Media newlight on 13 Jan 2010
On Twitter many people dismissed Global Times’s survey that 70% of its visitors support Chinese government against Google, who had just abandoned the self-imposed censorship on Google.cn and threated to close its business in China altogether.
The sad truth is that those who have made the effort of climbing over the GFW in order to access Twitter and like are belong to the 30%. In the same survey, over half the participants said their online activity won’t be affected by Google’s leave. This figure looks to increase if nothing happens.
Shanghaiist’s has a good summary of the Google v. China standoff. On the Guardian website, Tania Branigan has canvassed the opinions of some bloggers and media insiders. Whether Google decided to end its self-censorship purely out of moral reasons I’m not sure. I agree with some of Evgeny Morozov’s analysis. I guess it’s more likely they are fed up with the restraint and criticism while not seeing much gains in Chinese market.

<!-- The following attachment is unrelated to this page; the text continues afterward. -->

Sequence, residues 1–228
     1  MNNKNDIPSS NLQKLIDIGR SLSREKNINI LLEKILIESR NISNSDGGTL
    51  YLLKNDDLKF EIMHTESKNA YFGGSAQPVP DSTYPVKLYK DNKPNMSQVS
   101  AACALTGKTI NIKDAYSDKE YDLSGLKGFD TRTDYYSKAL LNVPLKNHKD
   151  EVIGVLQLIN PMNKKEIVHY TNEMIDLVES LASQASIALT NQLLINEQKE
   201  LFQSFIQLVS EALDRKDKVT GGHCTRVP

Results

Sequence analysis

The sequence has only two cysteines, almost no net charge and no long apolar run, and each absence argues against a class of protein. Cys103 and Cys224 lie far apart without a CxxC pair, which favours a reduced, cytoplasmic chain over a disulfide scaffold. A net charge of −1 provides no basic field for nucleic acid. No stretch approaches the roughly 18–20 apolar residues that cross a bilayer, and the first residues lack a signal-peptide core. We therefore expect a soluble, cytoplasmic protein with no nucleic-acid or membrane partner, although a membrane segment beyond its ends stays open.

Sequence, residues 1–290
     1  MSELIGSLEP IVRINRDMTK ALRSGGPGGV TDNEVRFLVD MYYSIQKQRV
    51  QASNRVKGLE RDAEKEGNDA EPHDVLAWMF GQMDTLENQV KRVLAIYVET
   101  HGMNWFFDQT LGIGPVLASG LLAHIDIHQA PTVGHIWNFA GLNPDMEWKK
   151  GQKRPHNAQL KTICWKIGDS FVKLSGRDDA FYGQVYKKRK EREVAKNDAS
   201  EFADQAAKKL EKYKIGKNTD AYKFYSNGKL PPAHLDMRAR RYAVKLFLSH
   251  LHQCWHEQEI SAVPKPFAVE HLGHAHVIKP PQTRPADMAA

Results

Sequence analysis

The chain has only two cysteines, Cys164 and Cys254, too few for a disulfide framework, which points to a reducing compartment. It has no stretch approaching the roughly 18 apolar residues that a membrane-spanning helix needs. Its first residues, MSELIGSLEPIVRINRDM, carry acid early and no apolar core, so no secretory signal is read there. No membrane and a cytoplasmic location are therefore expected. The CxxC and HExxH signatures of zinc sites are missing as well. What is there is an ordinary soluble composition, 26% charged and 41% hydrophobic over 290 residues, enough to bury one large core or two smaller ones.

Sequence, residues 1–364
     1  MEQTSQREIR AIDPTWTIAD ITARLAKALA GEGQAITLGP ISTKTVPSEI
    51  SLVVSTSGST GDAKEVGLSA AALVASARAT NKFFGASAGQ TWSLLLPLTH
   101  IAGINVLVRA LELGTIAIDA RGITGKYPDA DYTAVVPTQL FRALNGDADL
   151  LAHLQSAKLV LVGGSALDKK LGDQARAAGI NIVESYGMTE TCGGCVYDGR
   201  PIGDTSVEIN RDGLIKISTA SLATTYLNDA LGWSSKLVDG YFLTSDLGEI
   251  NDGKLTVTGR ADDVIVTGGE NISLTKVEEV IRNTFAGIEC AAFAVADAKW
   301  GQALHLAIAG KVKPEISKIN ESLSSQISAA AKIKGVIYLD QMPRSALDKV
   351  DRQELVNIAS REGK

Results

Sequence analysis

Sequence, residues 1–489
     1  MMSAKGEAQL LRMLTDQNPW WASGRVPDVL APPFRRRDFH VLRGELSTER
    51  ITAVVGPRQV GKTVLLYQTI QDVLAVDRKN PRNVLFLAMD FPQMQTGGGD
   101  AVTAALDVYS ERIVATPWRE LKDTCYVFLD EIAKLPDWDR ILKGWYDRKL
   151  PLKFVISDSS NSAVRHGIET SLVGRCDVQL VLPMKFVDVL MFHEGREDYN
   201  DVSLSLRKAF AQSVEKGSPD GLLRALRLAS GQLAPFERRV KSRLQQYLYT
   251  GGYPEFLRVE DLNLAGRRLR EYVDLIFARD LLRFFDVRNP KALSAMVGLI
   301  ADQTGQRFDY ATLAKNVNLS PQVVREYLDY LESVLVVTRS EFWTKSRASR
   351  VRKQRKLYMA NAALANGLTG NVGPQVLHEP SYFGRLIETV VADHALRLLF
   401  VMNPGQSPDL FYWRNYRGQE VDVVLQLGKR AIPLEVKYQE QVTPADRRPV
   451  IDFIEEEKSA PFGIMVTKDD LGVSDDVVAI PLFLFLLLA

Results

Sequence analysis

Anyway, what Google has done is to blow it into the open, burn the bridge, making the stakes incredibly high. Now Google.cn is not censored, will the servers be forced to shut down, or moved out of China? And then what? Will Chinese government have to block Google.com as well?
Among the multinationals in China, Google is the one who has the power, influence and resources to make a clear stand on censorship. And now it has the will too. For that it should be praised.